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FOX Sports has pioneered the use of drones for its USFL broadcasts

A television director for FOX Sports, Mitch Riggin grew up playing with remote-controlled airplanes.

That childhood avocation explains his enthusiasm when he found out that he’d oversee the flying of battery-controlled devices as part of his adult profession.

“I was super geeked out,” Riggin said. “It was exciting technology and exciting to have access to that.”

It’s not only exciting, but FOX Sports’ use of drones as part of its inaugural coverage of the new United States Football League (USFL) is also groundbreaking.

“In terms of the United States,” said Michael Davies, FOX Sports’ senior vice president of field and technical operations, “I can say that for sure we’re the first people to use drones inside the playing arena for play-by-play of stick-and-ball sports.”

FOX Sports has been using drones on supercross and golf — sports where you have more wide-open space — for eight or nine years.

“It’s been in our bones for quite a while,” Davies said.

But its use became heightened for NASCAR races during the Covid-19 pandemic. With no fans around, the drones had room to roam and could provide uniquely up-close footage.

Then FOX Sports committed a reported $150 million over three years as part of its ownership stake in the USFL.

That gave FOX Sports — also a broadcast partner of the USFL — the power to experiment with using the drones as part of its coverage.

Plus, the drones had become much safer as technology continued to advance. The custom-created devices have molded plastic protective guards and carbon fiber pieces with soft foam as protection to prevent the players and referees from suffering nicks or cuts.

“It’s super safe,” Riggin said. “That was obviously our No. 1 goal.”

So that the USFL players could get used to the presence of the drones and the noise they emit, the devices flew around them during practices.

“All the players loved it, “Riggin said. “They were mugging to the camera.”

FOX Sports has two drones. The “heavy lift” is the smooth, slower-moving drone, which Riggins compared to a helicopter.

Secondly, a smaller, speedier first-person view (FPV) drone is perfect for wide receiver isolation shots because it can follow the player from behind and then swing to the front after the wide receiver catches the ball.

In another instance Houston Gamblers linebacker Reggie Northrup returned a fumble for a 90-yard touchdown, and the drone flew behind him.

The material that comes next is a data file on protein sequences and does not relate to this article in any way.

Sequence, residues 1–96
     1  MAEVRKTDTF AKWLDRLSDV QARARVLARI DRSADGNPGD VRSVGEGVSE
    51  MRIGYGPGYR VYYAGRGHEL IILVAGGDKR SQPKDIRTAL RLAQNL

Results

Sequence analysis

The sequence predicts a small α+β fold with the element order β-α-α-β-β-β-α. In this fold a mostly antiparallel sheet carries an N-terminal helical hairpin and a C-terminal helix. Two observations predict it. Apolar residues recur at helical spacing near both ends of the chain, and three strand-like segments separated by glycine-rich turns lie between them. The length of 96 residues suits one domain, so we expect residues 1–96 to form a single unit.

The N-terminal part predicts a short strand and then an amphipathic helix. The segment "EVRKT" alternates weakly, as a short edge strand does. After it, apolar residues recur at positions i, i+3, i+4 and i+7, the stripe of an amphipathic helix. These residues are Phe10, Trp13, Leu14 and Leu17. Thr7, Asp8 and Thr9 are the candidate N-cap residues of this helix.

“It’s incredibly nimble and robust,” said Beverly Hills Aerials lead pilot Michael Izquierdo. “We’re able to get these shots that have never been possible before.”

That smaller drone, which is built and operated by Beverly Hills Aerials, is about six inches by six inches and weighs less than a pound. It has a custom camera, transmitter and its own radio frequency. It has the capability to go faster than 100 mph but has been tailored to top out at about 60 for USFL use so that it has a more efficient motor and flies longer.

The heavy-lift drone is about seven-feet wide, weighs about 55 pounds and costs in the $250,000 range.

Izquierdo, the drone pilot, is part of a three-man crew. There’s also a spotter and a tech person who launches it from the field and changes the battery, which has 10 minutes of life but can be recharged in less than one minute.

USFL’s 10-week regular season concludes on June 19, but for FOX’s very first opening shot in Week One on April 16, the heavy-lift drone flew in from the field before the game and zoomed past the mascots, cheerleaders and the championship trophy as the players readied to walk through the tunnel.

A Beverly Hills Aerial drone provided a panoramic view when it flew over the lake at the front of SoFi Stadium prior to Super Bowl LVI.

“It was not on-the-field coverage,” Izquierdo said. “It’s more around the stadium.”

That is the extent of its use for NFL coverage. But the drone technology implemented in USFL broadcasts continues to evolve.

“I hope,” Davies said, “that this is just the beginning.” Forbes

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